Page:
by Cuba Journal staff
Please see our most recent article A Complete Guide To Investing In Cuba for the most current information about Cuba.
Amid the diplomatic ceremonies and press conferences surrounding the normalization of relations between the US and Cuba, the sharp instruments of capital appear to be quietly crafting the early stages of the island nation’s next decade. Tech companies operating in Cuba are having an immediate impact on the average citizen by solving specific problems such as room renting.
And while signs point to a nascent real estate boom, many are wondering how to participate in Cuba’s resurgence by investing directly in the sectors likely to have the brightest future.
One investment company that offers both direct, private equity investments and a publicly-traded closed end fund is Thomas J. Herzfeld Advisors, Inc., a Miami-based boutique investment management firm founded in 1984. Private equity investment are made through individual accounts and may be subject to restrictions, but the Herzfeld Caribbean Basin Fund (NASDAQ: CUBA) is available to any investor.
Started in 1994, the CUBA fund benefits from an investment team that has perhaps the longest track record of any professional investor with a focus on Cuba. The fund’s strategy is to invests in stocks and bonds likely to benefit from US-Cuba trade and growth in the wider Caribbean region.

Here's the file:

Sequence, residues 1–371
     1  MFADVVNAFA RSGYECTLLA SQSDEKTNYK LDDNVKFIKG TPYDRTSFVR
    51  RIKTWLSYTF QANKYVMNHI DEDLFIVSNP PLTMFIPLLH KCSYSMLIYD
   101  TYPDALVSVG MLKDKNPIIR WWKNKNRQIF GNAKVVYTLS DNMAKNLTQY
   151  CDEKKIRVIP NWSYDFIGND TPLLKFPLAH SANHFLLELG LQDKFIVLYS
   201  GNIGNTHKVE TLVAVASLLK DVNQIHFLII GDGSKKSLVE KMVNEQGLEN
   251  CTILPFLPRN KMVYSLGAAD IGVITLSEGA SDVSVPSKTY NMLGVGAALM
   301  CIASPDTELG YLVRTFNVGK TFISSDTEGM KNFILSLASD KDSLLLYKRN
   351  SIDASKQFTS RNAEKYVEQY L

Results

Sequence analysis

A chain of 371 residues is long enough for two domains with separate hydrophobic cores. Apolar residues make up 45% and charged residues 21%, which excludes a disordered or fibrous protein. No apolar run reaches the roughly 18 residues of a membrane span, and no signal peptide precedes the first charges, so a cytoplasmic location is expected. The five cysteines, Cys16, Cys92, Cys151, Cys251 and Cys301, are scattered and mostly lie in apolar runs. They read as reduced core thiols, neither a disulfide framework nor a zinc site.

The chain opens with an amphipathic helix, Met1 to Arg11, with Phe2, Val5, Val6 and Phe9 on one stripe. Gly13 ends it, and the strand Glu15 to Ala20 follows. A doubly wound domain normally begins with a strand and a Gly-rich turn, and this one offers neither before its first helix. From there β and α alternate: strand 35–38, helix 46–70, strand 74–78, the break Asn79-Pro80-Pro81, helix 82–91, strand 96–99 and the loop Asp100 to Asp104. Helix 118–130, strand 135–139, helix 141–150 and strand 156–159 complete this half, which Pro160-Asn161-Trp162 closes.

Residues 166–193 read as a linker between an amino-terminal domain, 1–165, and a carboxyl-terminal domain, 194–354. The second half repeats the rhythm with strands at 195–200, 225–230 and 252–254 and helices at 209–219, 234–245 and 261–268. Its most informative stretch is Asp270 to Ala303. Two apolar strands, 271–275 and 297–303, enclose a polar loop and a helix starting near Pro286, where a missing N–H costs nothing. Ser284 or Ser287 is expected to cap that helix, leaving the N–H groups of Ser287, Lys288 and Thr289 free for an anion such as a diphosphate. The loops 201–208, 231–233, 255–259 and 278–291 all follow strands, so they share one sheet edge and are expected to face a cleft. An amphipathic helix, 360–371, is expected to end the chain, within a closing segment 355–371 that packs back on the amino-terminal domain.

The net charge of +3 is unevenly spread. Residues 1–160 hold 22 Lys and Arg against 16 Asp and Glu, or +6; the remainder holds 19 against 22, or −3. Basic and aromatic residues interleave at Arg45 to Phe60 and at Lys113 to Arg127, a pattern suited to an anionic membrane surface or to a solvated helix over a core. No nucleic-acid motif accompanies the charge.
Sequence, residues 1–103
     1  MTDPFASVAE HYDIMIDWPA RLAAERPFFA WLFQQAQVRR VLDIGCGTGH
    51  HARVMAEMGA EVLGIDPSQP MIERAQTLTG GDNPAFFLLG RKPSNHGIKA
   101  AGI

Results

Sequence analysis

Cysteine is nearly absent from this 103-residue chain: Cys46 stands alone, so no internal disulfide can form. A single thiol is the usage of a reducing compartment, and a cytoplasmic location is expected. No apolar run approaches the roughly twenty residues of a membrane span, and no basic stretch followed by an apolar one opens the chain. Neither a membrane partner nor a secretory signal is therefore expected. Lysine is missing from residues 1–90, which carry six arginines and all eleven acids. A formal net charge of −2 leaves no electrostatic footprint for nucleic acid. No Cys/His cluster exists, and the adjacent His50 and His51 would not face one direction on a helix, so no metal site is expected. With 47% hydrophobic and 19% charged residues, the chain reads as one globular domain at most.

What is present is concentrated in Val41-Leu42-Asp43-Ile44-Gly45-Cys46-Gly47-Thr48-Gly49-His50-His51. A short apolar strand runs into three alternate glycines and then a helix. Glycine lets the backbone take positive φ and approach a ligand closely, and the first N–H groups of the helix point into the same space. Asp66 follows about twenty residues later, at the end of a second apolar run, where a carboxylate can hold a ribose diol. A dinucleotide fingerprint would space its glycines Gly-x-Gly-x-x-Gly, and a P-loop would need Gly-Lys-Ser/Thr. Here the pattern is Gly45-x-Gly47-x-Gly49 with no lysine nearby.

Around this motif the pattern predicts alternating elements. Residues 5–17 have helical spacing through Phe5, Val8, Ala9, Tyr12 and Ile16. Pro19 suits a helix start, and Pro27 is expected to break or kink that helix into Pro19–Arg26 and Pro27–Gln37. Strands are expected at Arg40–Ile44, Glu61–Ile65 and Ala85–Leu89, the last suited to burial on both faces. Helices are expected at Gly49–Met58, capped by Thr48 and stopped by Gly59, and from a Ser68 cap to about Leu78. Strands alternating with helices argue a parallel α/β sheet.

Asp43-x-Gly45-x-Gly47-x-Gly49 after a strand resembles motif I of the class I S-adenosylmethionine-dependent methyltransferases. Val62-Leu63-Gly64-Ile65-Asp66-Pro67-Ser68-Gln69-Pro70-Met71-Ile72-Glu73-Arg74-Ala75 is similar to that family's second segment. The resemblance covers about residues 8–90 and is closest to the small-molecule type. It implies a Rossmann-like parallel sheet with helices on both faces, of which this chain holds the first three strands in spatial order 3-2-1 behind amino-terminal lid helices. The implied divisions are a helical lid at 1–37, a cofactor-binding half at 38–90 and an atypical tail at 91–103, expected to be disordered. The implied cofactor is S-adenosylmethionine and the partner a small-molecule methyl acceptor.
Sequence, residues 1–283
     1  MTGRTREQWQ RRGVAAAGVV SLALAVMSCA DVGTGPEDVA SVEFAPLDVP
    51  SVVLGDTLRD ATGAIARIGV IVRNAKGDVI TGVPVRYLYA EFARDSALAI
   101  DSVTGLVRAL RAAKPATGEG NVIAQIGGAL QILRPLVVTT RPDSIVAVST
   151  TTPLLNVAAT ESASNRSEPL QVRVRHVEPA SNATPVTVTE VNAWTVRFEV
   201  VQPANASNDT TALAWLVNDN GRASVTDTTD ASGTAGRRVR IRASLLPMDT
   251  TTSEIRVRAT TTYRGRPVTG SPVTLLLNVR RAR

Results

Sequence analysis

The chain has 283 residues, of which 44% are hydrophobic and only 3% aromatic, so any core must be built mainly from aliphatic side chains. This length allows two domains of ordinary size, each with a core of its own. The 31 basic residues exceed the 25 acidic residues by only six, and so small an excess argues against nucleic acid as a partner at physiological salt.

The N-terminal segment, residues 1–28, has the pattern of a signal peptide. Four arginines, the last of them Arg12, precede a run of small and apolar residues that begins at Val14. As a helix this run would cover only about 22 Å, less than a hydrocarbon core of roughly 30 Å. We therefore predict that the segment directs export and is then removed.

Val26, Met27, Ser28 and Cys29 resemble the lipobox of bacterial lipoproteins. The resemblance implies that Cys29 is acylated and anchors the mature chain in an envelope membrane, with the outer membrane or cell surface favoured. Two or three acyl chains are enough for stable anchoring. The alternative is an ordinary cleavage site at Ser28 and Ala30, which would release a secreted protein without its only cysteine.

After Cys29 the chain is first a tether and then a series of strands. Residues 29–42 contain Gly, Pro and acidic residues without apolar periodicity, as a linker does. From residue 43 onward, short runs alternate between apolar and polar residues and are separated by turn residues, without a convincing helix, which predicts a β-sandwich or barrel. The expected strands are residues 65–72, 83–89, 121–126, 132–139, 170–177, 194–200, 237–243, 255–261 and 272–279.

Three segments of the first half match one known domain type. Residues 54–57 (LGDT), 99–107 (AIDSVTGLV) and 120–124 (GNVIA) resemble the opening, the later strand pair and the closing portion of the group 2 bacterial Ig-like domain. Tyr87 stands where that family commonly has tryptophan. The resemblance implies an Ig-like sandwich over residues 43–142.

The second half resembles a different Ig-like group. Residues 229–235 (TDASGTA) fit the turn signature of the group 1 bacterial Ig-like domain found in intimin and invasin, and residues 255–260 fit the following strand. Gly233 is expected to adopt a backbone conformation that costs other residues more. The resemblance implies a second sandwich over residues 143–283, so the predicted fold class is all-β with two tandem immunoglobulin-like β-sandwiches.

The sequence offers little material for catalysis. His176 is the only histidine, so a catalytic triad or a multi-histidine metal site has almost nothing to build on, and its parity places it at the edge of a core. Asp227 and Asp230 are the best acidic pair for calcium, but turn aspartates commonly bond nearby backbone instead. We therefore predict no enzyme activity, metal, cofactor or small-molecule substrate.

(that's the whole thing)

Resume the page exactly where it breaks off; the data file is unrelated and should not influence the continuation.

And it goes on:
Today, these stocks are mostly in US and Mexico. The fund is also a long time owner of Cuba’s sovereign bonds, which have enjoyed a resurgence in recent months. The fund was up 18.1% in 2014.
In an interview with Knowledge at Wharton and CNBC, Tom Herzfeld, the firm’s founder and chairman, said he expects initial investments in the private equity fund to run between $10 million and $20 million each. Herzfeld already has 300 individual accounts – and 50 to 200 of these investors are seeking direct investments in Cuba.
Sectors attracting the most money include tourism, construction, marine transport, telecom and hospitality among others. “Particularly building materials,” said Herzfeld.
“Back-and-forth commerce (that) aggregates between Florida and Cuba will be a major industry,” Herzfeld said. “Tourism certainly. There is a tremendous shortage of hotel rooms in Cuba, which will lead you to look at the cruise lines, because they actually have the most hotel rooms available that could be put into use immediately. And agriculture is something we could invest in now. Food’s exempt from the embargo.”